Connected Homes

By on Mar 30, 2018 in Technology

The internet of things has arrived. Connected devices get smarter every day. They learn our preferences for music, temperature, what time we like to wake up, and seemingly more and more about our daily routine.

Home-based devices offer many personal benefits and conveniences. Heavy traffic between home and the office? Alexa will warn you to leave early. Need to take out the garbage cans tonight before bed? Google Home will remind you.

Smart thermostats, such as those offered by Nest and ecobee, are also providing conveniences for utility companies to address peak power events.

Residents who sign up with their utility provider can authorize their smart thermostat to self-adjust, either up or down depending on weather, so that their home consumes less energy during peak hours. If the automatic setting is not comfortable, users can make their own adjustment and reset the temperature as needed.

Big Picture Benefits

“Being able to do things like shut off the AC from a smartphone when you accidently left it on is an innovative way to improve our lives. But, as connected thermostats become more common, there are bigger benefits possible,” said Matt Eggers, vice president of energy for Yardi.

One example is how clean energy sources become more viable as consumers participate in these programs. “Energy created by solar and wind can be intermittent because sunshine and wind speeds are constantly variable. Giving utilities a strategy to manage demand, for example by having temporary control over consumers’ thermostats, water heaters or electric vehicle chargers, allows them to bring on even more solar and wind sources,” said Eggers.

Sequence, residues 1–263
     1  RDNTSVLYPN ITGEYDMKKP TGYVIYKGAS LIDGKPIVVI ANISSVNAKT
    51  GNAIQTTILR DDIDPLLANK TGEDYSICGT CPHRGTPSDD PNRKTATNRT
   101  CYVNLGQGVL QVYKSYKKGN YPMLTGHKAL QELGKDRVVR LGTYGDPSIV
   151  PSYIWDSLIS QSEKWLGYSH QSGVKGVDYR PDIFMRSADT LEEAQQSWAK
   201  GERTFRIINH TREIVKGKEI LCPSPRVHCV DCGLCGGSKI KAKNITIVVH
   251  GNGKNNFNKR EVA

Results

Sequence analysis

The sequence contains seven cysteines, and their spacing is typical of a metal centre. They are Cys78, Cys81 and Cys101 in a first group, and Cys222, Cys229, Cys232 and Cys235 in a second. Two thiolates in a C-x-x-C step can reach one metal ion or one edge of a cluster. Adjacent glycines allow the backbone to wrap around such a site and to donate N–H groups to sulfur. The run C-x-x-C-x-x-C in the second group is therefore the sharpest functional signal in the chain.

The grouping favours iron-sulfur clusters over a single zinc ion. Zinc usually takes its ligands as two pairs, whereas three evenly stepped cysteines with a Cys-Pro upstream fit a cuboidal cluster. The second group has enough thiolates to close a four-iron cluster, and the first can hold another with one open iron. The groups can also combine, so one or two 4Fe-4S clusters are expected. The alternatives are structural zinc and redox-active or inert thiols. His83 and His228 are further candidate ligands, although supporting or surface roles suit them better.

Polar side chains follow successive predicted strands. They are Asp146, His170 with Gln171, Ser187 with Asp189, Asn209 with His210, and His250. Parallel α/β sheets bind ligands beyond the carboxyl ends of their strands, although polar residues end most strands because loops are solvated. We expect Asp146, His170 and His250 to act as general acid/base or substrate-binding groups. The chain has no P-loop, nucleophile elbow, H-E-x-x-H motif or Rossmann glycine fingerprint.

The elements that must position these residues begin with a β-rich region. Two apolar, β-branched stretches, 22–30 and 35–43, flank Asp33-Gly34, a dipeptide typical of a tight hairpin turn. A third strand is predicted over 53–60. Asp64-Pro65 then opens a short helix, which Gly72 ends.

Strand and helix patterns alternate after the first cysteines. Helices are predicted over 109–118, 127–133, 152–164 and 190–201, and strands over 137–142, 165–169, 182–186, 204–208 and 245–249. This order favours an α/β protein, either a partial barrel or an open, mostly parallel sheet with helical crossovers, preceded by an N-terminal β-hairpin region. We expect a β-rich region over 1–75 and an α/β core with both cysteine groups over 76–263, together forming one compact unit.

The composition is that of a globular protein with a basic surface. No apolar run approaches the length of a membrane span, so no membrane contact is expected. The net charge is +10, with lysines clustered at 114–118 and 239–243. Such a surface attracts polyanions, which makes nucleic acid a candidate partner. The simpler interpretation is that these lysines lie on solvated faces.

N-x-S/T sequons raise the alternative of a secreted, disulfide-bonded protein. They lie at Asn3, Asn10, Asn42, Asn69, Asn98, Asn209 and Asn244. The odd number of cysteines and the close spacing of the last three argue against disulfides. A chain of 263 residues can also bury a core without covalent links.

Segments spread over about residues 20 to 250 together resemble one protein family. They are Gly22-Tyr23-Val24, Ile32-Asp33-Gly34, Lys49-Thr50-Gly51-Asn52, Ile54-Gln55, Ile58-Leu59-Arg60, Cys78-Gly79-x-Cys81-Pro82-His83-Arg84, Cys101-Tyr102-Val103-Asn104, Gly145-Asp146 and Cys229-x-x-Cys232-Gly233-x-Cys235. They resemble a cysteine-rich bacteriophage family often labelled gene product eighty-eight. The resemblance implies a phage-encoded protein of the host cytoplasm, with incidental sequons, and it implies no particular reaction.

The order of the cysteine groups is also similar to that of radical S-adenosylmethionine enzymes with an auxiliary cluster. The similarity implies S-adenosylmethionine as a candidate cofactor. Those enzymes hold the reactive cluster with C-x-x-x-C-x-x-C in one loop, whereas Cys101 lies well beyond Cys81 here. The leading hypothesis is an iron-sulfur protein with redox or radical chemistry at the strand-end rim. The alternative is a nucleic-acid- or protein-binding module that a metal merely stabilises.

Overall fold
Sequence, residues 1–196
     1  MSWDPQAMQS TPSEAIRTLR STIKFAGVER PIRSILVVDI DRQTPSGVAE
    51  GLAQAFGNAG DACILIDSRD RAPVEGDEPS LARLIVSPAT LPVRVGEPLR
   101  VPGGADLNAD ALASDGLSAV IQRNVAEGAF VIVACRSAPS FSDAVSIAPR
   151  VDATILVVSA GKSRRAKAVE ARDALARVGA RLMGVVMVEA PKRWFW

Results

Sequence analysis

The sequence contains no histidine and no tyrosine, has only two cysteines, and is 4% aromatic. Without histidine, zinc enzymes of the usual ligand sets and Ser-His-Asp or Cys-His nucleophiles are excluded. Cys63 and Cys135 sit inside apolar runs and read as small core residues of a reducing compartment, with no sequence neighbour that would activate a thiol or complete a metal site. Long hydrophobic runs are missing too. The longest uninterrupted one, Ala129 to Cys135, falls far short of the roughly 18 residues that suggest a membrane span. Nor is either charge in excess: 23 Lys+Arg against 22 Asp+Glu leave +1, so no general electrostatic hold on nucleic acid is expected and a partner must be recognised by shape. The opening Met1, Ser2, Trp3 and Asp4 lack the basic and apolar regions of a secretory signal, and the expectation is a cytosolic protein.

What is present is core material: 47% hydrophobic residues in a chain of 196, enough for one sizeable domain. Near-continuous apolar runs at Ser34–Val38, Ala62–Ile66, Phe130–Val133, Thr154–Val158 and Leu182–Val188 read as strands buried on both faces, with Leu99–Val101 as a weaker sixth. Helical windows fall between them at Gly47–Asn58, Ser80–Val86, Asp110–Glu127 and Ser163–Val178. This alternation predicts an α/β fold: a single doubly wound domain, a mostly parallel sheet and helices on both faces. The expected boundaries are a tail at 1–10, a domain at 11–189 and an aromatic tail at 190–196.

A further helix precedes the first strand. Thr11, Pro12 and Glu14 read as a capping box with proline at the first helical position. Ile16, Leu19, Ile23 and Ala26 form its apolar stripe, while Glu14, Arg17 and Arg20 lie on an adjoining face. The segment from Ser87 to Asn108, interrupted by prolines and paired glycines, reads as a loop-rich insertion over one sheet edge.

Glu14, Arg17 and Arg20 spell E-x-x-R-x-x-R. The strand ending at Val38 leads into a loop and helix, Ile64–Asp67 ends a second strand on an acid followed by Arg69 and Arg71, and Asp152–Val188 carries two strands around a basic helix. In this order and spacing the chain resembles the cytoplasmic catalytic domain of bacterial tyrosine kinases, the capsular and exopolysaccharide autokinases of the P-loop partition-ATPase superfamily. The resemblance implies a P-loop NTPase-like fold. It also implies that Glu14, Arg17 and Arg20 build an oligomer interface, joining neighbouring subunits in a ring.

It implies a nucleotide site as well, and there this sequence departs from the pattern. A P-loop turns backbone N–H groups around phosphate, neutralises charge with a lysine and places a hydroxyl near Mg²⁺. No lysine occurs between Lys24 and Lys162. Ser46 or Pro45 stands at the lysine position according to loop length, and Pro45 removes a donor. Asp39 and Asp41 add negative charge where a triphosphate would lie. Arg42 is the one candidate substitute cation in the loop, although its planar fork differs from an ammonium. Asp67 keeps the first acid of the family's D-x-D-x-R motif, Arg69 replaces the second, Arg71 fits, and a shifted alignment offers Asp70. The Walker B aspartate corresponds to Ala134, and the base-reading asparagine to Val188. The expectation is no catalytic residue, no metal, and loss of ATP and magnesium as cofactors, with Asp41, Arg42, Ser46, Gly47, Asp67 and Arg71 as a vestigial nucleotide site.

Smart thermostats also save money for utilities by using less power when it is most expensive. Power costs can vary throughout the day based on time of use pricing structures. When homes use less power during peak periods, utilities don’t have to spend as much on it by buying energy from secondary sources. Those savings are passed on to participating households in the form of rebates.

User Experience

I recently enrolled in the program, even though I was a little weary of giving my power company control over the temperature in my living room on certain days of the year. How did it work for me? Not perfectly, but to be fair, the problem was mostly caused by user error.

Where I live on the Central Coast of California, there are relatively few days that get above 90 degrees each year, and just as few nightly lows under 40 degrees. There is no need for air conditioning, and my heater is only turned on late at night and early in the morning.

When my home gets warm enough for the day, I simply turn the thermostat all the way down to 50. That way the heater won’t possibly come on until I want it to.

Unfortunately, that habit taught my thermostat to think I liked my home to be 50 degrees. So, when it came to a peak energy event, my thermostat automatically adjusted to 48 degrees overnight. Of course, I quickly reset the temperature when I woke up to a very chilly house.

If I had instead been turning the temperature down to 68 when I was warm enough every day, I’m quite sure my thermostat would have never guessed 48 degrees to be reasonable. It would have more likely set my heat to 66 during the high demand event.

Contact your utility provider to see what financial incentives are available in your area. It may be less expensive than you thought to gain the conveniences of having a smart thermostat in your home.